Marce Gonzalez, Jr.
Merrillville, Indiana

Jeffrey A. Modisett
Attorney General of Indiana

Randi E. Froug
Deputy Attorney General
Indianapolis, Indiana



COLLIN MERRILL,             )
    Appellant (Defendant Below),    )    
     v.                    )    Supreme Court
                        )    Cause No. 45S00-9806-CR-351
STATE OF INDIANA,             )    
    Appellee (Plaintiff Below).    )


The Honorable James L. Clement, Judge

Cause No. 45G04-9706-CF-128


September 29, 1999

BOEHM, Justice.
    Collin Merrill was convicted of murder and sentenced to fifty-five years imprisonment. In this direct appeal he contends that the trial court erred in sentencing him

to the presumptive sentence for murder and that his trial counsel was ineffective for failing to request a jury instruction on an alibi defense. We affirm the judgment of the trial court.

Factual and Procedural Background
    Merrill attended Morton High School in Hammond with the victim, Peggy Carothers. The pair dated from the fall of 1996 until February 1997, when Merrill began dating someone else. After the two broke up, Carothers harassed Merrill and his new girlfriend, by, among other things, claims that Carothers was pregnant by Merrill.
    On April 28, 1997, Merrill discussed the best way to kill someone with several of his friends.See footnote 1 He reported his conclusion that the best way to murder a person would be to lure the victim to the woods, deliver a blow to the head, and bury the body. He also identified his potential victim as having a tattoo on the ankle, which Carothers did. Two days later, on April 30, after Carothers ate lunch with her friends in the high school cafeteria around 11:00 a.m., she was accosted by Merrill on the way to her fifth period class. Before sixth period, another student saw Carothers walking with Merrill. Neither Carothers nor Merrill attended sixth period class that day. When Carothers' parents came to school to pick her up that afternoon, she had disappeared.
    In early May, two students found a hole in Scott Woods, located directly across from the high school. The next day, one of the two returned with a friend, partially uncovered the

hole with a shovel, found a piece of clothing, and again left the site. Later, apparently that same day, as they were returning to the hole, the students encountered Merrill in the woods, and Merrill borrowed the shovel from them. Upon revisiting the hole approximately ten minutes later, the students discovered that it was re-covered. Several weeks later, the students again returned, dug up the hole, found what they thought might be a corpse, and called the police.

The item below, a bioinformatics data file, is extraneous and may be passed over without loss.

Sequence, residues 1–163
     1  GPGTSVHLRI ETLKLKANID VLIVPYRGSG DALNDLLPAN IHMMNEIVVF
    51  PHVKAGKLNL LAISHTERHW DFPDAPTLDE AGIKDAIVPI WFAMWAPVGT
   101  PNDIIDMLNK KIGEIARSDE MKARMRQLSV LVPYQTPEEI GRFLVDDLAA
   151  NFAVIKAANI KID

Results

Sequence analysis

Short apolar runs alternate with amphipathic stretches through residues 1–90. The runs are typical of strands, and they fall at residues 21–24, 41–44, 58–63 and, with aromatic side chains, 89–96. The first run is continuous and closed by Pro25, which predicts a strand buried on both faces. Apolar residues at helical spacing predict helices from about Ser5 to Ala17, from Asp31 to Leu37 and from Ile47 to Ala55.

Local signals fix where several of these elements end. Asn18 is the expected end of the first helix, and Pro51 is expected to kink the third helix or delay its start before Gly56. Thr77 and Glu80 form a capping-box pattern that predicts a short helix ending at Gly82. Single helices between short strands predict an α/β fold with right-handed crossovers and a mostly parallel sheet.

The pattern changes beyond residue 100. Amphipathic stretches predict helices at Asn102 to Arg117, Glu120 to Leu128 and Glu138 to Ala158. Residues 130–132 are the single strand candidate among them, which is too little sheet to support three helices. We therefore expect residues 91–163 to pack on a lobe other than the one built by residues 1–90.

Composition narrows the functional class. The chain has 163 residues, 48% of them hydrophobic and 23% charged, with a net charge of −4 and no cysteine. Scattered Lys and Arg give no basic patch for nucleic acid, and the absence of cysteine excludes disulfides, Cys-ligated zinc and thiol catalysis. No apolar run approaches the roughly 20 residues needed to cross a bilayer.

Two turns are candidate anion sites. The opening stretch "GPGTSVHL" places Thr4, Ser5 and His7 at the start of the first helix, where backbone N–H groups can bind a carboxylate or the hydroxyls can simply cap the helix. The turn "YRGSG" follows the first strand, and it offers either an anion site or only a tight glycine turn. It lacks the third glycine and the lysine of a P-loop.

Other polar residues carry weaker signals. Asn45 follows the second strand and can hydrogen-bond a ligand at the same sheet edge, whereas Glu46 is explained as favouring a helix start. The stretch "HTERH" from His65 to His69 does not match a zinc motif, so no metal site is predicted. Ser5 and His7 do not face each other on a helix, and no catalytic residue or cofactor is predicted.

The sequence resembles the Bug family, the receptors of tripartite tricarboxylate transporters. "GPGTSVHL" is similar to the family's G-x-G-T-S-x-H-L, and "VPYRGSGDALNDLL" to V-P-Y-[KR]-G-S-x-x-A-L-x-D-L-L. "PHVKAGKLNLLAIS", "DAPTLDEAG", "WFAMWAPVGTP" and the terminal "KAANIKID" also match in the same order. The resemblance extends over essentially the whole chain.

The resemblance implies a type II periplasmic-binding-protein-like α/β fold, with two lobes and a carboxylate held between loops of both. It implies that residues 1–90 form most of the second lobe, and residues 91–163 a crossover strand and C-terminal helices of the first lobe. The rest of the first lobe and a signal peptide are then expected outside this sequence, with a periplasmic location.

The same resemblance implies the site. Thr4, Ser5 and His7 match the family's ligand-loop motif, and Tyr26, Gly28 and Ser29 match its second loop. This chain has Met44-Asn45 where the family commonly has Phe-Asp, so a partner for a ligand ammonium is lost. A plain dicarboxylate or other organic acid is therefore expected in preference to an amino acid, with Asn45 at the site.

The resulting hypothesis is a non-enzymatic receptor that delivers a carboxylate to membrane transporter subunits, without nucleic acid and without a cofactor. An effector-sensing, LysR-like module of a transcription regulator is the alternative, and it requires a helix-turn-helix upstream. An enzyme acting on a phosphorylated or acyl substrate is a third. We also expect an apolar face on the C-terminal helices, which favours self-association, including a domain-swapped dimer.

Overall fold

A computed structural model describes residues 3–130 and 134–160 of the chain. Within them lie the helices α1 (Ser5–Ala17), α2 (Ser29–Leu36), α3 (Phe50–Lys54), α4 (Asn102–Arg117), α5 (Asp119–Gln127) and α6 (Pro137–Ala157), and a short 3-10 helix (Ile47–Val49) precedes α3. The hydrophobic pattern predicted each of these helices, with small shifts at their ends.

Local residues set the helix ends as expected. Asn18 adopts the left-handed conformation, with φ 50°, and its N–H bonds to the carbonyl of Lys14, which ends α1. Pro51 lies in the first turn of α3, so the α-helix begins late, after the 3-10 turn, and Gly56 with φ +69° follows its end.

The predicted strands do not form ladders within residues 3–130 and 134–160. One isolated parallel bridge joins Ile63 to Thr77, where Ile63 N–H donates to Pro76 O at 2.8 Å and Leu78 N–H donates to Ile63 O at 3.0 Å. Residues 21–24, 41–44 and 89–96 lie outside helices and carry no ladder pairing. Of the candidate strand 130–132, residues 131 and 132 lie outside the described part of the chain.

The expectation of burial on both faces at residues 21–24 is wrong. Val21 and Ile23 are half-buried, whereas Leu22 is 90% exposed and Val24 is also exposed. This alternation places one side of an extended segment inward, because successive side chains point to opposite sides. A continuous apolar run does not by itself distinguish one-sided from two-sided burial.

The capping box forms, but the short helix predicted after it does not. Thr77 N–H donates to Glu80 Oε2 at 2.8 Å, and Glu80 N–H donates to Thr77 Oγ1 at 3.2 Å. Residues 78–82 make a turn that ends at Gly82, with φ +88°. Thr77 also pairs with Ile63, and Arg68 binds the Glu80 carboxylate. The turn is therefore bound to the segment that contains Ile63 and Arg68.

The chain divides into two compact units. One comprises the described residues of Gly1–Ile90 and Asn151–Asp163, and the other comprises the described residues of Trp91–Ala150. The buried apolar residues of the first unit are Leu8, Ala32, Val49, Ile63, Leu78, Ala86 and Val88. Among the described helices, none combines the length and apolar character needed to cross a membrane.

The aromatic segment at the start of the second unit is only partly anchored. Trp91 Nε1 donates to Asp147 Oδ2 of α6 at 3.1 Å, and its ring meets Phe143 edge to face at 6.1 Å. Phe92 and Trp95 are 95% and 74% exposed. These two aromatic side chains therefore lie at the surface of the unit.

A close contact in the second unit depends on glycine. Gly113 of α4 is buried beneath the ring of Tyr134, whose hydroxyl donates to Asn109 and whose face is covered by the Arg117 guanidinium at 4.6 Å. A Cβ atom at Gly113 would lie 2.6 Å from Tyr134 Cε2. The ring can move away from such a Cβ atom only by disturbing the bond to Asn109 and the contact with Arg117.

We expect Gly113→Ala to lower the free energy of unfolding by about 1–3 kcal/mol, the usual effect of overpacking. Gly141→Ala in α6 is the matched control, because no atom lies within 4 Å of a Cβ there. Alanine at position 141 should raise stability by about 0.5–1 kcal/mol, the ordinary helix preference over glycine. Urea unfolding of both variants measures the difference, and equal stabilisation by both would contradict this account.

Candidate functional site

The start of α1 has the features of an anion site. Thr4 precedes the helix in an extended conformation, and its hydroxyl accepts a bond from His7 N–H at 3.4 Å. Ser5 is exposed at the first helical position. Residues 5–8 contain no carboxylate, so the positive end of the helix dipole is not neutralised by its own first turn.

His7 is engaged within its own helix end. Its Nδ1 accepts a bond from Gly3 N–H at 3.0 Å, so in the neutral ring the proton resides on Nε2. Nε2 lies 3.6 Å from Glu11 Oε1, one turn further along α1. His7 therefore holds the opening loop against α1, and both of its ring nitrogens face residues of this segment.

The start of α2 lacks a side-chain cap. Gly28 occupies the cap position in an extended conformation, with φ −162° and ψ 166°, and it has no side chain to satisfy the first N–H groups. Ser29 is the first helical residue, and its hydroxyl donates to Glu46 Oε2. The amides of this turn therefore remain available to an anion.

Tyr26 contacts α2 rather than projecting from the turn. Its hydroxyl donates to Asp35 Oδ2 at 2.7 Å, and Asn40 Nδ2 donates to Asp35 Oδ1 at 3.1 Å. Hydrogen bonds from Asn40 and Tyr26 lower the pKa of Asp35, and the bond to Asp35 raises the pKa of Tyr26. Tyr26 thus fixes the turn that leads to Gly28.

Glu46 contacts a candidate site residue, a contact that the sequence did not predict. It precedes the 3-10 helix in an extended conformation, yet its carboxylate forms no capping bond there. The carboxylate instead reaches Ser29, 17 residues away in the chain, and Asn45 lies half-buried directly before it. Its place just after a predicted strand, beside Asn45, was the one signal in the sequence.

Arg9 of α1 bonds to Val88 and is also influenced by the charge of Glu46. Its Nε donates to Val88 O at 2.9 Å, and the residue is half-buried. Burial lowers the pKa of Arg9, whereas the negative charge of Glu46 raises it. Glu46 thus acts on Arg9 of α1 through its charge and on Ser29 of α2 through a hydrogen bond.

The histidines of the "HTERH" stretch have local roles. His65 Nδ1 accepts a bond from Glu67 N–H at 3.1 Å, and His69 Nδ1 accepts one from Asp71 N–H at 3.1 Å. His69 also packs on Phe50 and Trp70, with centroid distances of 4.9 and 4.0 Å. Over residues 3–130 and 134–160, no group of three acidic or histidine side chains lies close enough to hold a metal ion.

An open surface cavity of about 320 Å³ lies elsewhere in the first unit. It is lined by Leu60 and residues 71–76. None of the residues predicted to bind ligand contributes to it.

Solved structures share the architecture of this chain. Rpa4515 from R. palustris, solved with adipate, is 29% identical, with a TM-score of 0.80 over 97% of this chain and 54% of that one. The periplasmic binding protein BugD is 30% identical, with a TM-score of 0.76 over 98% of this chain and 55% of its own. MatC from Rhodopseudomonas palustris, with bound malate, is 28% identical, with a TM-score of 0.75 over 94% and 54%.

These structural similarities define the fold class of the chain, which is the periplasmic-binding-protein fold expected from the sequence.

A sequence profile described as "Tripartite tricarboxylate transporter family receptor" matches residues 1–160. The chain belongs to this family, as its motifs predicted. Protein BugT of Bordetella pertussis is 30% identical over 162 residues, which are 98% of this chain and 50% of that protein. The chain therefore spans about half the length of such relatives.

In addition to Carothers' moderately to severely decomposed body, police found a piece of metal pipe and cigarettes in the grave. The pathologist concluded that Carothers had eaten thirty to sixty minutes before her death and her death was caused by a blunt force trauma to her head and asphyxiation obstruction. Her skull was fractured and her mouth and throat were packed with more soil than a person can normally swallow. Carothers was not pregnant.
    At trial Merrill testified that although he was not in sixth period on the day of the murder, he did not kill Carothers. Rather, he skipped sixth period to smoke cigarettes in the bathroom. Merrill claimed to have been smoking with another student, Corey O'Hare. O'Hare testified that he did not smoke in the bathroom with Merrill on the day in question.
    Merrill was convicted by a jury of Carother's murder. The trial court sentenced him to fifty-five years imprisonment.

I. Sentencing Error
    Merrill contends that the trial court's sentence of fifty-five years was manifestly

unreasonable.See footnote 2 The basis for Merrill's challenge to his sentence is his contention that the trial court erred by finding two aggravating factors -- the nature of the crime and the manner in which it was committed -- when these two factors constituted only one. This claimed error is more in the nature of a procedural flaw than the imposition of a manifestly unreasonable sentence. Viewed either way, Merrill presents no persuasive argument.
    First, it is not clear from the record that the trial court considered the nature and manner of the offense as two aggravators. At the sentencing hearing, the court listed as aggravators both the nature and manner of the murder and Merrill's history of juvenile delinquency. Also during the hearing, the trial court referred to the to nature and manner of the crime as a single aggravator. Only once, in the sentencing order, did the trial court use the nature and manner of the crime as two aggravators.
    Merrill cites no case law for the propositions that simple arithmetic governs sentencing or that the standard of review is de novo because the trial court may have evaluated one aggravator as two. The trial court properly found as aggravators Merrill's history of delinquent activity, see Ind. Code § 35-38-1-7.1(b)(2) (1998), and the nature and manner of the current offense, see Thacker v. State, 709 N.E.2d 3, 10 (Ind. 1999) (the nature and circumstances of a crime is a proper aggravator), and as mitigators, Merrill's age and his dysfunctional family life. Under these circumstances, we cannot conclude that the trial